The explanatory annotation prepared by Murra, Adorno, and Urioste was augmented in 2004 by Adorno and Boserup. Thus, for example, in the print editions of 1980 and 1987, page 1 of the Nueva corónica manuscript includes two footnotes, both of which pertain to the page’s contents (Guaman Poma’s literary sources), while the website’s page 1 features five footnotes, the additional three referring to the autograph manuscript’s form (compositional and graphic features). On the website, all notes appear on the same page as the transcribed text, which appears alongside the digital facsimile of the manuscript page. The accompanying bibliography consists of the sources cited in the annotations.

Murra, Adorno, and Urioste prepared essays to accompany the respective editions of 1980 and 1987. Anticipating a specialized, Latin Americanist audience for the Mexican edition of 1980, their objectives were to offer ethnological (Murra) and linguistic (Urioste) treatments of the Nueva corónica y buen gobierno’s contents as well as to describe the process of Guaman Poma’s composition and emendation of his manuscript (Adorno). For the broader, general readership projected for the Madrid edition of 1987, they presented essays on the life and work of Guaman Poma (Adorno), his outlook on the Andean world of past and present (Murra), and the variety of his Quechua texts and the character of his written Spanish (Urioste). Both sets of essays are available on the Guaman Poma website.

The most outstanding feature of the Guaman Poma website is the high-resolution digitization of the autograph manuscript. This is especially significant for Guaman Poma’s hundreds of drawings. Their digital reproduction makes it possible to see the delicacy of line and detail that are impossible to perceive in the multi-generational copies of the 1936 photographic facsimile that have appeared in all print editions to date.

Major Topics and Themes of the Nueva corónica y buen gobierno

The first scholarly approaches to the Nueva corónica y buen gobierno mined it for information about the pre-Columbian Andean world; it was valued for its ethnohistorical content and viewed as the work of an ethnographic informant. This approximation prevailed from the 1930s, when the Paris photographic facsimile edition appeared, through the 1960s, and it spawned pioneering studies such as those of Julio C. Tello, José Varallanos, Arturo Posnansky, Waldemar Espinoza Soriano, John V. Murra, Ramiro Condarco Morales, Augusto Cardich, Edmundo Guillén Guillén, Juan Ossio, Nathan Wachtel, and Franklin Pease. In the early 1970s, an additional perspective emerged: Guaman Poma was seen not only as an ethnographic informant but also as an author in his own right. From this angle of vision came a new level of understanding: The Nueva corónica was a work designed to inform the king of Spain about affairs in colonial Peru and to recommend to the monarch myriad ways to reform its civil and ecclesiastical governance to spare the peoples of the Andes from further abuse and destruction.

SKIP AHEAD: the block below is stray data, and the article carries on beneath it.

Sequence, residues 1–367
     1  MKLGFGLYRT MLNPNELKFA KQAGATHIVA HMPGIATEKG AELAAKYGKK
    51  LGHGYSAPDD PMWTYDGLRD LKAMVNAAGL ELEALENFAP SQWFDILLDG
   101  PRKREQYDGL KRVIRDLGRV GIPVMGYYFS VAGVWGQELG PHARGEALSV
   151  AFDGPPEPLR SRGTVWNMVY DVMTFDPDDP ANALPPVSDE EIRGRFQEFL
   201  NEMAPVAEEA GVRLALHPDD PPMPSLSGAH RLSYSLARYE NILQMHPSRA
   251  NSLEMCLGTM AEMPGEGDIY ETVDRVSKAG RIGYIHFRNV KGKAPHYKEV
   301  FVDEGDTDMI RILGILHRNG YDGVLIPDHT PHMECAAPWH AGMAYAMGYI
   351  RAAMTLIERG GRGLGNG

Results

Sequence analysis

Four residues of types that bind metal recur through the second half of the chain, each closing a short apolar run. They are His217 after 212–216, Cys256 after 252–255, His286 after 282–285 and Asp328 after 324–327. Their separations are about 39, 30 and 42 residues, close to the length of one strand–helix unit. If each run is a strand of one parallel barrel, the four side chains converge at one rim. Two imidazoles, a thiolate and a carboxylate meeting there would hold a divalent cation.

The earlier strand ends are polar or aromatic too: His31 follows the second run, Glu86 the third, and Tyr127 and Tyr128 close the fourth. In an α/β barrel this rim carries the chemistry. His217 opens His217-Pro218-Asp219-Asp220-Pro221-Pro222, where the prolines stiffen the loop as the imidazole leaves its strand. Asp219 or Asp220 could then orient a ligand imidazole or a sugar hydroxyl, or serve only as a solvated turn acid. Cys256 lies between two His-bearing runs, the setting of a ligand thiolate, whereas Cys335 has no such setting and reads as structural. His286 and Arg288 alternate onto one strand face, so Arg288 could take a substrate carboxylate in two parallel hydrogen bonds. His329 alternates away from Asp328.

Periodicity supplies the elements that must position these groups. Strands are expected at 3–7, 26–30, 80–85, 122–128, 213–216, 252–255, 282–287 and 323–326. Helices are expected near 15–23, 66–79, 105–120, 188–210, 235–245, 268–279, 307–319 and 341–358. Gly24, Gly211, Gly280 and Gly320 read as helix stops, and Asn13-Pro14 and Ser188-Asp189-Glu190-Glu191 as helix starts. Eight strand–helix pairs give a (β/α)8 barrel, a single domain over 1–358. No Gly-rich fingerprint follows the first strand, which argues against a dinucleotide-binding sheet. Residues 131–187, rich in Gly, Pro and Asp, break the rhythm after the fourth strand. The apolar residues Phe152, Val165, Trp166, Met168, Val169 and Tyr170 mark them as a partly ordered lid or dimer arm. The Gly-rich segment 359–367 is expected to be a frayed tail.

In his efforts to achieve these goals, Guaman Poma enlisted all the topics and themes (and ways of representing them) that we, as specialized scholars or simply as curious readers, are interested in knowing about. To be persuasive, Guaman Poma’s goal was to demonstrate that he was knowledgeable about the political, economic, social, and ritual organization of Andean society, past and present: its civil and ecclesiastical institutions, its agricultural economy, and its mathematical and mechanical arts. Guaman Poma thus created a detailed survey of all the institutions of pre-Hispanic Andean society, and he complemented it with a highly critical, disturbing account of Spanish colonial society of his own day. The sheer breadth and scope of Guaman Poma’s Nueva corónica y buen gobierno are what make it, literally, one of a kind, not only for Andean studies but for all areas of study interested in native Amerindian peoples living under Spanish colonialism.

Its vastness is best understood by comparing it to the histories of Murúa, for whose history of the Incas in its first version (the Galvin Manuscript) Guaman Poma created more than ninety drawings, starting no earlier than 1596 and finishing after 1600.24 He copied a flowery sentence from one of Murúa’s unused drafts as a model of epistolary protocol for writing to royalty and also to emphasize his own reliance on the visual medium.25 In this aspect, he clearly took Murúa’s work as a partial model for his own.26 But Guaman Poma’s program far exceeded Murúa’s, and in the Nueva corónica y buen gobierno he created more than 200 pictures of post-Inca Peru that were not intended to please the king but rather to shock him (see Figures 9 and 10). Like Murúa, Guaman Poma entreated the king to publish his book, but he did so less for its quaint charm as a history of the Incas than for the harshness of its illustration of the need for colonial reform.27

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Figure 9. A Spanish colonist beats African slaves (GKS 2232 4°, [720], The Royal Library, Copenhagen).